4 December 2017

Mozambique: Government Dissatisfied With Revenue From Tourism

Maputo — The Mozambican government is dissatisfied with the revenue generated so far by tourism, declared Prime Minister Carlos Agostinho do Rosario on Monday.

Speaking at the launch in Maputo of the country's first Tourism Forum, Rosario said that revenue should be much higher, given Mozambique's vast and diverse tourism potential.

Currently tourism accounts for about 2.5 per cent of Mozambique's gross domestic product and employs 61,000 workers.

The Prime Minister regarded these figures as relatively low and as a challenge that called for greater commitment from tourism businesses. He wanted to see all stakeholders in the tourism industry displaying more dynamism in promoting the Mozambican tourism band.

“This GDP percentage is a challenge for all of us”, said Rosario, “since the country possesses enormous tourism potential, ranging from its beautiful beaches and coastal attractions, to the distinctive fauna and flora of the Mozambican ecosystem, and the rich history and culture of our people”.

He urged tourism companies to design more attractive packages for Mozambican citizens, since domestic tourism has the advantage of taking place throughout the year. Cultivating domestic tourism would bring in more revenue, he argued, and would encourage national unity.

Rosario said the government has been working to create a more favourable environment for investment, and as a result Mozambique has risen eight places in the index of competitiveness in travel and tourism, published by the World Economic Forum. Mozambique has moved up from 130th position in 2015 to 122 this year, out of a total of 141 countries assessed.

Among the government's priorities for the tourism industry, Rosario said, is the need to train continually the professionals who provides services in tourist establishments and in restaurants.

The Tourism Forum is an initiative of the Ministry of Culture and Tourism, as part of the government's drive to turn Mozambique into a world class tourism destination.


The construction of a brewery by the Dutch company Heineken in Marracuene district, about 40 kilometres north of Maputo, will create 200 jobs directly and about 13,000 indirectly, during the construction and operational phases, claimed the Minister of Industry and Trade, Max Tonela, on Monday.

Speaking at the ceremony at which he laid the first stone for the new brewery, Tonela said construction would take about 18 months, and in the second half of 2019 the first beer from this factory will hit the Mozambican market. Construction of the brewery is costed at 100 million US dollars.

Tonela claimed that the Heineken factory would substitute imports, thus helping save foreign exchange and improve the trade balance. This claim is extraordinary, since beer is one product in which Mozambique is already effectively self-sufficient.

The Mozambican market for beer is currently dominated by a Mozambican company, Cervejas de Mocambique (CDM - Beers of Mozambique), which operates three breweries, in Maputo, Beira and Nampula.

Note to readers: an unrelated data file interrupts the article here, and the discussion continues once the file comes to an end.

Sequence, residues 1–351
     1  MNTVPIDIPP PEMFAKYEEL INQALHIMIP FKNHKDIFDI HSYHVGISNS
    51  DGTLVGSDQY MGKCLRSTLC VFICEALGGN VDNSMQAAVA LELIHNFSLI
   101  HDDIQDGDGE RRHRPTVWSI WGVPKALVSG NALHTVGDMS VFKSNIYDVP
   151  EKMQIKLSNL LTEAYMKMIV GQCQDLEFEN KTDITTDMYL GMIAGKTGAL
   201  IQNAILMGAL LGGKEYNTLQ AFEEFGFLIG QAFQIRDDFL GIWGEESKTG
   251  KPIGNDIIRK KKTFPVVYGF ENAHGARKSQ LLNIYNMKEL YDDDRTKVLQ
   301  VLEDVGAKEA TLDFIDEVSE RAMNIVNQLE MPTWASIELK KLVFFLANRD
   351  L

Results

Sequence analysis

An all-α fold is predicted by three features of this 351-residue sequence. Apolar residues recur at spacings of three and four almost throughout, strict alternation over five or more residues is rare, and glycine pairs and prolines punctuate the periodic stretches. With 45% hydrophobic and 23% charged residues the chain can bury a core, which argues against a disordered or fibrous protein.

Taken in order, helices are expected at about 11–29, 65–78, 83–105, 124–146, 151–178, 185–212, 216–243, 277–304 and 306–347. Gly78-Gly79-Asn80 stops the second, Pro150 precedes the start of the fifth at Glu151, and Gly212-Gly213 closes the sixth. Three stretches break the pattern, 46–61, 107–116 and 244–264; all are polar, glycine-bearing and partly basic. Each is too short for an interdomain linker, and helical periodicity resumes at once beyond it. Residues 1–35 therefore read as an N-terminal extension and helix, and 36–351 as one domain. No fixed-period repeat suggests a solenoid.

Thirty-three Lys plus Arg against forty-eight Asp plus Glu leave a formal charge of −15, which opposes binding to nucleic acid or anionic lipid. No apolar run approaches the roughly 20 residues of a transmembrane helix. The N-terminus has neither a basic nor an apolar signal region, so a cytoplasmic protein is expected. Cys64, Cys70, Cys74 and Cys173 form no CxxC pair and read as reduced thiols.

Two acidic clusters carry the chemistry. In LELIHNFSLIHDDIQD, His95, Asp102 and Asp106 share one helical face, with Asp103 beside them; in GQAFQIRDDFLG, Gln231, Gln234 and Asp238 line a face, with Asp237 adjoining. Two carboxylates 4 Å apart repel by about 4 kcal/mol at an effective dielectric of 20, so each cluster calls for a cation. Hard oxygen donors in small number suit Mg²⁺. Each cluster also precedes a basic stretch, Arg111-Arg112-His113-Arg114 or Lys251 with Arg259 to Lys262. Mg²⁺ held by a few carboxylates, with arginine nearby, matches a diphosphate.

CDM does not only brew traditional malt beers, but is also making beer from Mozambican raw materials - cassava and maize - in the Nampula brewery.

Not much beer is imported, legally or illegally. The contraband in alcoholic drinks consists overwhelmingly of wines and spirits.

Heineken is thus not taking any market share away from smugglers. Instead, it is muscling in on CDM's market, threatening to replace the distinctive Mozambican beers (such as 2M, Laurentina and Impala) with Dutch lagers such as Amstel.

For the first three years of operation, Heineken will also benefit from generous tax breaks. Currently, breweries pay the Specific Consumption Tax levied on luxuries and superfluous goods at the rate of 40 per cent. But under an amendment to the tax legislation approved last month by the country's parliament, the Assembly of the Republic, the ICE rate charged for new breweries will be 20 per cent in the first year, 25 per cent in the second year and 30 per cent in the third.

Despite these tax breaks, Tonela claimed “the implantation of this project in Mozambique will also contribute to broadening the tax base and to the consolidation of initiatives to promote the value chain”.

He added that the new brewery also fits into the government's industrialisation strategy with a view to the structural transformation of the economy and its insertion into the world market. Tonela also believes that Heineken, like CDM, will use local raw materials such as maize and cassava in its brewing, thus guaranteeing added value to Mozambican products.

The Heineken managing director for east and west Africa, Boudewijn Haarsma, told AIM that initially the brewery will produce 800,000 hectolitres of beer a year, and that its installed capacity will be 3.5 million hectolitres.

He claimed that the brewery will stimulate the national market and increase competition. Mozambican consumers “will have the opportunity to make new choices”, he said.

He said that by 2020 Heineken, in its African operations, hopes to raise the amount of local raw materials in its product from the current level of 50 per cent to 60 per cent. Haarsma believed this would improve the quality of the beer and lower its price.


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